There’s a cancer eating away at the integrity of our civic governance. And it begins, as it often does, with money. Money channeled from developers to our city councilors. And if the system isn’t rigged in favor of those donors, it certainly appears like it is to anyone who’s been watching the Normandy/Twining (N/T) assault on the city council.
City councilors accepting campaign contributions from developers whose projects come before the council is at best a bad idea; at worst a sure sign that influence on the city council is up for sale.
It is far from coincidence that last week’s “attack of the snarling wolves” featured council members who accept developer donations attacking the two members who don’t. Almost surreally, the merits of Councilors Carlone and Mazen’s proposal were never actually discussed. Once again, an angry council rejected an opportunity to create something they might have found helpful—a minor zoning change that could have negated N/T’s threats to build a lab if they didn’t get their 19-story luxury tower—assuming any of those self-righteous councilors cared a whit about having a stronger hand in negotiating with the developer.
I’m certain most of our councilors would express outrage at the implication that campaign donations could buy their influence or, worse still, their vote. Well, as a resident of Cambridge, I would like to express my own outrage that councilors whose most important function is to vote on zoning changes would take money from those who appear before them and not recuse themselves in situations involving their donors!
It is totally possible the $9,850* Normandy/Twining funneled to council members had little to do with the council’s unseemly rush to approve spot-zoning for the oversized tower and surrounding properties. Or that the project being put on a fast track had nothing to do with Mayor David Maher receiving a combined total of $1,950* from N/T interests.
Donations weren’t just handed out once, but fed to the councilors over a 3-year period starting 12/5/2012, the day before the council’s Ordinance Committee was scheduled to discuss zoning recommendations for Central Square. From all appearances, our councilors were played mightily by N/T, getting fed donations, like hits of an opiate, one after another as the project advanced, growing more and more comfortable with being in N/T’s debt, one would expect.
In all, N/T made 27 separate donations in the two years prior to submitting their zoning petition on November 19, 2014. Those donations, totaling $6400, were made to 6 different Councilors. Housing Committee chairperson Denise Simmons received 5 donations totaling $900 during the four months preceding the filing of the petition, and Mayor David Maher received 5 donations totaling $1750 during the one month prior to the petition’s filing.
Here, in descending order, are the amounts donated by Normandy/Twining interests to our city councilors, as reported by the Massachusetts Office of Campaign and Political Finance*: Leland Cheung, $2,550; David Maher, $1,950; Tim Toomey, $1,450; Denise Simmons, $1,400; Mark McGovern, $1,350; Dennis Benzan, $950; and Craig Kelley, a mere $200.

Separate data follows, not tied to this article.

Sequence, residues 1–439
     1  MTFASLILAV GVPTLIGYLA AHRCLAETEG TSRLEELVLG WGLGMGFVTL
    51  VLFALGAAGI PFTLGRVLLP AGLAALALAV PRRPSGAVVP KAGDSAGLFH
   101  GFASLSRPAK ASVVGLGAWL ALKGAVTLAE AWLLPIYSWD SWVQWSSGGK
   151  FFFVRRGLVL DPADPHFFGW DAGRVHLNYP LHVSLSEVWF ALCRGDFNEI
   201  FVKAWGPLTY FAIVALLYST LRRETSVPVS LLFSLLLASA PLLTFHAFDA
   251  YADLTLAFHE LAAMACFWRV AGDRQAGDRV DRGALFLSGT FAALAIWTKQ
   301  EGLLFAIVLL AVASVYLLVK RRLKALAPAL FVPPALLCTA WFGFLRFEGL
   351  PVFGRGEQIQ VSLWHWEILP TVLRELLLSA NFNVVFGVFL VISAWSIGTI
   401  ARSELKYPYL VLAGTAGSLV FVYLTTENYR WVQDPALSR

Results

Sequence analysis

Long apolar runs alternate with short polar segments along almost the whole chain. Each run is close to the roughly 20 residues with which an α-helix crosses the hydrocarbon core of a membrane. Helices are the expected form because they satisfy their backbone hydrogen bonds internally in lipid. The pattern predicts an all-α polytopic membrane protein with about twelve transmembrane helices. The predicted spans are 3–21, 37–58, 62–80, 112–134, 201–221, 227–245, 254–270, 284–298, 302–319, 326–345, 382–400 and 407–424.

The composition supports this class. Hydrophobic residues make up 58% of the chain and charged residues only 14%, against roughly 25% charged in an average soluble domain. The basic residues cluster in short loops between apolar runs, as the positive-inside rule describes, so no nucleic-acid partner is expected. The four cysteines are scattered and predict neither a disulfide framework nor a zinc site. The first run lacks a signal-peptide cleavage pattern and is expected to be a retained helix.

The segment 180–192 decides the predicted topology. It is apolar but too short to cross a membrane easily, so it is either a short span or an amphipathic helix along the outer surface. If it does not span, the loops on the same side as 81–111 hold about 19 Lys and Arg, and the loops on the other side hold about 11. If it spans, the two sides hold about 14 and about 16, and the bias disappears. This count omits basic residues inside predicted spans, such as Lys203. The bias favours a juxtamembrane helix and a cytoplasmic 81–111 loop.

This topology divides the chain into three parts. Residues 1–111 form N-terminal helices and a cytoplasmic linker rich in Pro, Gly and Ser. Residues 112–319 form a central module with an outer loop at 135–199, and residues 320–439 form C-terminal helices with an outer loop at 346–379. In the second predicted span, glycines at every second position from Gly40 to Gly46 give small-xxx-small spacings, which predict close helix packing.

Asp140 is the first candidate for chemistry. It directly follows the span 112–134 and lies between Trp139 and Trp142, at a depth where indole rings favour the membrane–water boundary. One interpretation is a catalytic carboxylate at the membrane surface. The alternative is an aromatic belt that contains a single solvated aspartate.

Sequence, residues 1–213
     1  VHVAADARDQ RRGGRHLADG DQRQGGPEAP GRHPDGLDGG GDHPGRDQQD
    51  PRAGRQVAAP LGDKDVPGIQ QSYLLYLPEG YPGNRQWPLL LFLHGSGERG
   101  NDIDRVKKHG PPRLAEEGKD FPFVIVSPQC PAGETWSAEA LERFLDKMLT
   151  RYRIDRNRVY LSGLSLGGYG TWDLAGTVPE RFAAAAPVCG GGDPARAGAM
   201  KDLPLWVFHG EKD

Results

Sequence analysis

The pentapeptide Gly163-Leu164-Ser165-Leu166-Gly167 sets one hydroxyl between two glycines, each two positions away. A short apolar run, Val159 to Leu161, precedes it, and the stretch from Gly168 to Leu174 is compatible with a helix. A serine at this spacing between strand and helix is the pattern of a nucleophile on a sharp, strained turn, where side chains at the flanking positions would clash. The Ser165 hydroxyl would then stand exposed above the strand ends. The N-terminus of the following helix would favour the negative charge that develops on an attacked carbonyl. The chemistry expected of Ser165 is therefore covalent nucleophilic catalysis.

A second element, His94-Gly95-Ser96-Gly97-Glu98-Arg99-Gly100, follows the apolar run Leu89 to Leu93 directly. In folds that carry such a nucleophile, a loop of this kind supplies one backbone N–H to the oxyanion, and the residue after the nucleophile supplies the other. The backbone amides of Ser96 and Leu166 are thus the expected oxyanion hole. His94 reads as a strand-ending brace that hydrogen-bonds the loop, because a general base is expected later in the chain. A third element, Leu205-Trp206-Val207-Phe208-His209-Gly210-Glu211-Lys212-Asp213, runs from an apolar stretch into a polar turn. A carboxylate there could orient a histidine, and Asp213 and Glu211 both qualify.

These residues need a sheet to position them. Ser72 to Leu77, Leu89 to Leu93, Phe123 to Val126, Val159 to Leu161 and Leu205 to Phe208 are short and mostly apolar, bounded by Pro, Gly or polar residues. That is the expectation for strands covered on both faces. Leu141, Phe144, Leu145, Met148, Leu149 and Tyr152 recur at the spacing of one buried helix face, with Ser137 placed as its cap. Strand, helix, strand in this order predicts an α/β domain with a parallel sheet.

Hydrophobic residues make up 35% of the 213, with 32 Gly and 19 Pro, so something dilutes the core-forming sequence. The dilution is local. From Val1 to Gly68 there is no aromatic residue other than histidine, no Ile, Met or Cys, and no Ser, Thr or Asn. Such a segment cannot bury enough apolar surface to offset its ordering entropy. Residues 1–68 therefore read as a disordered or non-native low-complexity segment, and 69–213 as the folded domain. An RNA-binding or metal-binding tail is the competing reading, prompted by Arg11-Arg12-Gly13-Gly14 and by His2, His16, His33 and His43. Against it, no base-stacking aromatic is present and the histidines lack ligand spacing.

Am I being naïve when I propose that the City Council has an obligation to act in such a way as to appear fair-minded and honest? By accepting thousands from a developer with a lucrative project on the boards, accepting regular ongoing contributions as though being paid for their services, six of our councilors stepped far outside the bounds of acceptable behavior or the appearance of propriety. Nor did their behavior on April 13th, attacking their fellow councilors for not acting collegially, especially in light of their sub rosa financial relationship with N/T, prove not only unfair but almost comical in its self-righteous tone. By lashing out at the only council members honestly trying to solve planning issue problems they only highlighted how little they’ve actually been doing themselves.
I’m not accusing anyone of doing anything illegal in taking $9,850* from N/T, but I am stating it would be morally and ethically wrong for our city councilors to take the money then vote to approve the project.
And it definitely wouldn’t pass the smell test.
When you look at the wrongness of the proposal itself—the building’s precedent-setting height; its massive bulk; its total disregard for area zoning and architecture; its inevitable spiking of area rents; its negative impact on neighboring Jill Rhone Park; its strong neighborhood opposition—you might wonder why the project has any city council supporters at all.
I challenge all six city councilors who have taken substantial donations from Normandy/Twining to recuse yourselves from any further votes on the matter. This project cannot be debated honestly now; it has been debased by the cynicism that fueled N/T’s slow-drip, council-controlling donation strategy.
And further, I call on all city councilors to commit to higher ethical standards in your fundraising by either REFUSING Donations from Developers and associated business interests or by RECUSING yourselves from ever voting on matters relating to your donors’ business interests.
Like Caesar’s wife, city councilors must be above suspicion. Or the taint of influence peddling.
Right now, you’re anything but…!
- *Statistics from the Massachusetts Office of Campaign & Political Finance; see http://www.ocpf.us
- All statistics mentioned in the article were updated from a previous post, and accurate as of 4/20/2015. Also a remark from an earlier post pointing out Dennis Carlone’s single developer donation became moot, and thus removable, since Carlone quickly returned the donation when he learned of the oversight.
- In an interesting development since my first release of this essay, Denise Simmons received an additional $500 from N/T’s Attorney, Anthony Galluccio, 2/28/2015 around the time of the First Ordinance Committee hearing on Twining’s re-filed petition.